In what seems to be almost a nightly occurrence, there was another goaltender interference call on Saturday night that left almost everyone that watched it completely confused.
With the Pittsburgh Penguins trailing the Toronto Maple Leafs 3-0 in the second period, defenseman Brian Dumoulin appeared to get the Penguins on the board after making a power move to the front of the net and beating Frederik Andersen for what appeared to be a rather pretty goal.
The only problem for Dumoulin and the Penguins is that not only was the goal immediately disallowed on a goalie interference call, Dumoulin was actually given a two-minute minor penalty for goalie interference.
You can see the play in the video above.
Dumoulin does make contact with Andersen as he drives to the net, but a lot of it seems to be the result of him being pushed from behind by Maple Leafs defenseman Ron Hainsey.
Because there was a penalty called on the play the Penguins were not able to challenge the play.
Toronto went on to immediately score on the ensuing power play to take what could have been a 3-1 game and turn it into a 4-0 game. That two-goal swing would prove to be a big deal later in the game when the Penguins scored a pair of late third period goals to cut the deficit to 4-2 before giving up an empty net goal.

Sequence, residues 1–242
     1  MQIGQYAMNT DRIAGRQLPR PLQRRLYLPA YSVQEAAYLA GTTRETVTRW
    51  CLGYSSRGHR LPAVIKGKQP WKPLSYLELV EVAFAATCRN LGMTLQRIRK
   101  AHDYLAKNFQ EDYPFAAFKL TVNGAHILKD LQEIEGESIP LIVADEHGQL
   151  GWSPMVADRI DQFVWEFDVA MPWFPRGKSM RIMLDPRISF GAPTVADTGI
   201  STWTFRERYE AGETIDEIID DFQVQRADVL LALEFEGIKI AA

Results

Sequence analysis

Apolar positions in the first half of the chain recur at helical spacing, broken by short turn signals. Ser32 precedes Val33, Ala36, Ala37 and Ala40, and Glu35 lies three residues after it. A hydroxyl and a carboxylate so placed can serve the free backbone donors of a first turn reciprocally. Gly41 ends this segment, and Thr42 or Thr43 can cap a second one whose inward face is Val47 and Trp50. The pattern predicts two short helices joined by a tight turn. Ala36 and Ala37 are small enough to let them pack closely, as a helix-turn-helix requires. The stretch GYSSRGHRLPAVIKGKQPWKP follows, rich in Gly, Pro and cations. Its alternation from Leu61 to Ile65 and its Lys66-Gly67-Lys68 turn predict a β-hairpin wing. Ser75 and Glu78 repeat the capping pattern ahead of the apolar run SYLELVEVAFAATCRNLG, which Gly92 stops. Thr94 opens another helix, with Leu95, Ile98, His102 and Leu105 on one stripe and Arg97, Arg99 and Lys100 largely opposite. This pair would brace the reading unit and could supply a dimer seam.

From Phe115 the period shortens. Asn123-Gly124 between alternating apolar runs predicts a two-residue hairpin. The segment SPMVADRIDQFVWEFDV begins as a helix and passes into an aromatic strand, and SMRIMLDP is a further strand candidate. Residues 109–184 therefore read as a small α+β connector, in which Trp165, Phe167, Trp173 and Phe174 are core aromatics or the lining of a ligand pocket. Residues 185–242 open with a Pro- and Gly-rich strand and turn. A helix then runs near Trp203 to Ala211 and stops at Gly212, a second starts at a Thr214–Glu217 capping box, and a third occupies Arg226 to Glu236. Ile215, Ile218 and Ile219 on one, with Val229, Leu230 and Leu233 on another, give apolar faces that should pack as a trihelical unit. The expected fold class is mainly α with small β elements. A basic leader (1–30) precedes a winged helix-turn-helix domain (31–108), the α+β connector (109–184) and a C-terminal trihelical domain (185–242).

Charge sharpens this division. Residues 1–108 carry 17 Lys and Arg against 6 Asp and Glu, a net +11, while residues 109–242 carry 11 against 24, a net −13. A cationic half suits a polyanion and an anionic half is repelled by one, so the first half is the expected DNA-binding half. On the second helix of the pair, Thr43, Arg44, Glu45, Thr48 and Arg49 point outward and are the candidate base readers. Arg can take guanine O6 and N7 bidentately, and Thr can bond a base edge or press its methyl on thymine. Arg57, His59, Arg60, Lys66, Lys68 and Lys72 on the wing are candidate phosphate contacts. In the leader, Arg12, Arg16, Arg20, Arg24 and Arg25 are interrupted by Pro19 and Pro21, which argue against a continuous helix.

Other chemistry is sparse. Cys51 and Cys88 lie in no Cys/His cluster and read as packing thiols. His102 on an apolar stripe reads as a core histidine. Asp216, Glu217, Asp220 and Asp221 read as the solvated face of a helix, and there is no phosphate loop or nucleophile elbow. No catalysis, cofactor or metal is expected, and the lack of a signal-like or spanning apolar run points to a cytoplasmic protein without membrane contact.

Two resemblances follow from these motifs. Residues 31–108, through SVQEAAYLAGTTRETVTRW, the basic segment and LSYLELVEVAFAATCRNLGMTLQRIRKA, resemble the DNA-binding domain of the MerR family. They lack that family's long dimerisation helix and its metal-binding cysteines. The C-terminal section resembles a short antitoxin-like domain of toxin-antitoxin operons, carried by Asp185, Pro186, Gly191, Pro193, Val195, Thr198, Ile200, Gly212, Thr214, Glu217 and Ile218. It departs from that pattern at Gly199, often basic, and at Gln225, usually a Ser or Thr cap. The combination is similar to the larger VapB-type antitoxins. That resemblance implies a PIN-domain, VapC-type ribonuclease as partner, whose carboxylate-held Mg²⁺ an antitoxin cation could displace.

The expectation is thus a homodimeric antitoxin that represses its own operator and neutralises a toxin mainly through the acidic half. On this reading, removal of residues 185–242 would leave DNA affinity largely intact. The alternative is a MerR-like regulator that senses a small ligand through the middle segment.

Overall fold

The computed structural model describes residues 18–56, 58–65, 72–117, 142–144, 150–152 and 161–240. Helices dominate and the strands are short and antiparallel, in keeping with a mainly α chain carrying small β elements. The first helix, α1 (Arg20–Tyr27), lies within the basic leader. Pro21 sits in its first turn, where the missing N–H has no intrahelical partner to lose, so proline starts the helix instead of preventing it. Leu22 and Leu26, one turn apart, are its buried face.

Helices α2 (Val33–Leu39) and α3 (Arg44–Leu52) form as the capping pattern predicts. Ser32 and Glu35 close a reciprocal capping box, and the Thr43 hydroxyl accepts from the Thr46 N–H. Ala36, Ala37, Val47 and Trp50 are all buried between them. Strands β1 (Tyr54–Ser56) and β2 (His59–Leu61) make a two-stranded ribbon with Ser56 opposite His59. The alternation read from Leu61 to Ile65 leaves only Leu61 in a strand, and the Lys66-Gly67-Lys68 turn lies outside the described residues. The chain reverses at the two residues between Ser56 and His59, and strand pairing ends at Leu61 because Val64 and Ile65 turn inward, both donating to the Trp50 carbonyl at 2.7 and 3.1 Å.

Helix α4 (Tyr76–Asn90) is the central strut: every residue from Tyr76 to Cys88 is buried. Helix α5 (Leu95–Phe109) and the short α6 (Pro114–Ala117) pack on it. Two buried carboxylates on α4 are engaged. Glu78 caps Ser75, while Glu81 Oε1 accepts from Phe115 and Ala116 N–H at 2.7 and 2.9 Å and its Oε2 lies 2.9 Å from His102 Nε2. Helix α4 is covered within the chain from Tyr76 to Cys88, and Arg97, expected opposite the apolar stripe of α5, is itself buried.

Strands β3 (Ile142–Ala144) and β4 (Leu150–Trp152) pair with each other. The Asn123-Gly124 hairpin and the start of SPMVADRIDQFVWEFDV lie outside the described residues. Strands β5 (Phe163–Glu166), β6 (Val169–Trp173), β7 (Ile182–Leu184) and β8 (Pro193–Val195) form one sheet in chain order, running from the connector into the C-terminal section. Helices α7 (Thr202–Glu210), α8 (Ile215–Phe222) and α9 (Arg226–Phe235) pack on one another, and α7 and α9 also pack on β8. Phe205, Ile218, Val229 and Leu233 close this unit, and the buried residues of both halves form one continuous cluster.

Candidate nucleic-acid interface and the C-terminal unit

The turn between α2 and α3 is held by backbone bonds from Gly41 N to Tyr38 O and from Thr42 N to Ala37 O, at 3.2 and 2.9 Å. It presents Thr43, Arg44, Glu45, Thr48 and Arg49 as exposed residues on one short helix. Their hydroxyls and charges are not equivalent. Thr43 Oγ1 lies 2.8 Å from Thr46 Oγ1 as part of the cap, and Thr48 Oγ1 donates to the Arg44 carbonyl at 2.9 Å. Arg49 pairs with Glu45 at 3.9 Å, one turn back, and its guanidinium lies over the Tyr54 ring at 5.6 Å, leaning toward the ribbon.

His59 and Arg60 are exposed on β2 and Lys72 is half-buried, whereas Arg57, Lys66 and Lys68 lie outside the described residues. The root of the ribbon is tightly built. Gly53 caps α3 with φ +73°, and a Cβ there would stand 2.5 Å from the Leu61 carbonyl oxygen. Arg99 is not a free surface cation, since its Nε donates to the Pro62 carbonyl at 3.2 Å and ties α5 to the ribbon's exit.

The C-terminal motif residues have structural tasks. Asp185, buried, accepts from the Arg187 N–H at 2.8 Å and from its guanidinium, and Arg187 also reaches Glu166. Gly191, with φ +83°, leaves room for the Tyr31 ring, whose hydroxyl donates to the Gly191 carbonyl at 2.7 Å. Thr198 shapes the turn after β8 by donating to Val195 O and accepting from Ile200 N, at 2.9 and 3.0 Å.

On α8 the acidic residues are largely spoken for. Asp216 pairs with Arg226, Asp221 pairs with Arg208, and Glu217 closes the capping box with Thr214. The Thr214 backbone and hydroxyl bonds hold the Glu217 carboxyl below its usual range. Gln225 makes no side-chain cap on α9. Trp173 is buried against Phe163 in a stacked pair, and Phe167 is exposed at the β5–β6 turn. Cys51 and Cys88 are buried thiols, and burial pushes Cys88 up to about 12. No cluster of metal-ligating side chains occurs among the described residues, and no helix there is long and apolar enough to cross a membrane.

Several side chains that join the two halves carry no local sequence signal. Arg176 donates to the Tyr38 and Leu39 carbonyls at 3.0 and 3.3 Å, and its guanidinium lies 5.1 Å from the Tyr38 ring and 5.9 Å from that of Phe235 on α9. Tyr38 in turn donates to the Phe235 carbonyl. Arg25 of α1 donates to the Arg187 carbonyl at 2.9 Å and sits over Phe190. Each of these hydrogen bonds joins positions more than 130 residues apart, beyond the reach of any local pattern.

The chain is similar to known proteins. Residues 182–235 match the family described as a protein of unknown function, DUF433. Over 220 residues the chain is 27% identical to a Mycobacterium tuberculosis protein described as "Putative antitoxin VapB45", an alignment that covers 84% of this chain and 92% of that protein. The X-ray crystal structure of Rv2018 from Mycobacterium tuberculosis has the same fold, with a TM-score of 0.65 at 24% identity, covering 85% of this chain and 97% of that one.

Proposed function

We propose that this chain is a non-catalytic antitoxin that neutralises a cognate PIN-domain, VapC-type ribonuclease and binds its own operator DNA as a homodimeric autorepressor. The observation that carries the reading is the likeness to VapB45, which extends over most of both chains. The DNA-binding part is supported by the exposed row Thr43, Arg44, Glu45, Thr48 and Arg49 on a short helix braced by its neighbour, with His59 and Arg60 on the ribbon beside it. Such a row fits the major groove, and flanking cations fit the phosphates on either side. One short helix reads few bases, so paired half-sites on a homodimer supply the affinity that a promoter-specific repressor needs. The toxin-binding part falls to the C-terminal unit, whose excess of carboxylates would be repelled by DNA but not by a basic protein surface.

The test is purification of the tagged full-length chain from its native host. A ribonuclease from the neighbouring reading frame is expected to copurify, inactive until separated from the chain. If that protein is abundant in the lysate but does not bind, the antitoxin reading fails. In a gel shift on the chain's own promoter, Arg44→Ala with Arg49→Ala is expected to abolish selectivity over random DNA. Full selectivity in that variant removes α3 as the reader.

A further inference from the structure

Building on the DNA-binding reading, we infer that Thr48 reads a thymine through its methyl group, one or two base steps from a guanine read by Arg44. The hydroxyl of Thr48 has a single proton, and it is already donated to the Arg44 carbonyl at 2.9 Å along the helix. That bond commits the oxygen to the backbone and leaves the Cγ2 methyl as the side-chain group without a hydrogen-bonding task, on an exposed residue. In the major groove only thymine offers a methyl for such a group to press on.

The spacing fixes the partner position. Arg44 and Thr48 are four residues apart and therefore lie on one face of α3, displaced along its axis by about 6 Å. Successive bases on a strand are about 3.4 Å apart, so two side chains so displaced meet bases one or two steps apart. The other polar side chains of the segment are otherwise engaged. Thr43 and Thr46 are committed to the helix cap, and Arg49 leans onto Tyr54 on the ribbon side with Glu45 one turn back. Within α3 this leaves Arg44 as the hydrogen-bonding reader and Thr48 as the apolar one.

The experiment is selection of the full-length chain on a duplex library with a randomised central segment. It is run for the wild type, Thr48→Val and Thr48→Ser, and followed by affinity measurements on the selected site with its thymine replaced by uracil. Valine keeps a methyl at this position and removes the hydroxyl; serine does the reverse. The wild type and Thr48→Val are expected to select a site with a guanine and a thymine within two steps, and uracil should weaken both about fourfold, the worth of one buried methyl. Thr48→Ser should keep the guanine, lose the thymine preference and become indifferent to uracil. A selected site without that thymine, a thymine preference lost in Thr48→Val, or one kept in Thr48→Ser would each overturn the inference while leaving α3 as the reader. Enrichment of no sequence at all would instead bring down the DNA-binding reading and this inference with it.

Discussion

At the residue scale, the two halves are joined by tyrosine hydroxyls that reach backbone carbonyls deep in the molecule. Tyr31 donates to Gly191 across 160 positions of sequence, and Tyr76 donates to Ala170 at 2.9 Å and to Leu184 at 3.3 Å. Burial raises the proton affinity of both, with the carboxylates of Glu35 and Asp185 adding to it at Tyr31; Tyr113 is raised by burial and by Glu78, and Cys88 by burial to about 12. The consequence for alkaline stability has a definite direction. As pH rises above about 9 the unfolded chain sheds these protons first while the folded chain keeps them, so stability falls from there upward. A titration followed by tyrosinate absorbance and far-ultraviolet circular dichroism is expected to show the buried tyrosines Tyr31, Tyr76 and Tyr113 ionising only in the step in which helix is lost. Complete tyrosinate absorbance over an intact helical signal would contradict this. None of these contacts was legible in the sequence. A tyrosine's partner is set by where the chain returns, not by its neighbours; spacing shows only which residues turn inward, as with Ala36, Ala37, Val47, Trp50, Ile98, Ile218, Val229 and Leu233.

Based on the reactions there was plenty of disagreement with the call.
After the game Penguins coach Mike Sullivan echoed what a lot of other people around the NHL have said throughout this entire goalie interference ordeal by making the nobody knows what it is argument.
“It’s obviously a huge issue in the league,” said Sullivan. “It’s been discussed all year long. It seems every week there is something that this issue gets raised. It’s a challenge that the league has to try to iron out. I know it is being discussed, and everybody is going to try to do their best to clarify the language, clarify the criteria, whatever it may be because right now I don’t think anyone really knows what is goalie interference and what isn’t.”
Earlier this week the Toronto Maple Leafs were on the other end of a controversial goaltending interference ruling that resulted in coach Mike Babcock sounding off on the rule and demanding that the issue get fixed before the playoffs.
Saturday’s incident came on the same day that Sportsnet’s Chris Johnston reported that Colin Campbell, the man in charge of the NHL’s hockey operations department, is going to deliver the message to teams that the type of criticism the rule is facing is not okay.
As long as there seems to be this much confusion it does not seem that the criticism is going to go away.
Especially if it starts to impact playoff games.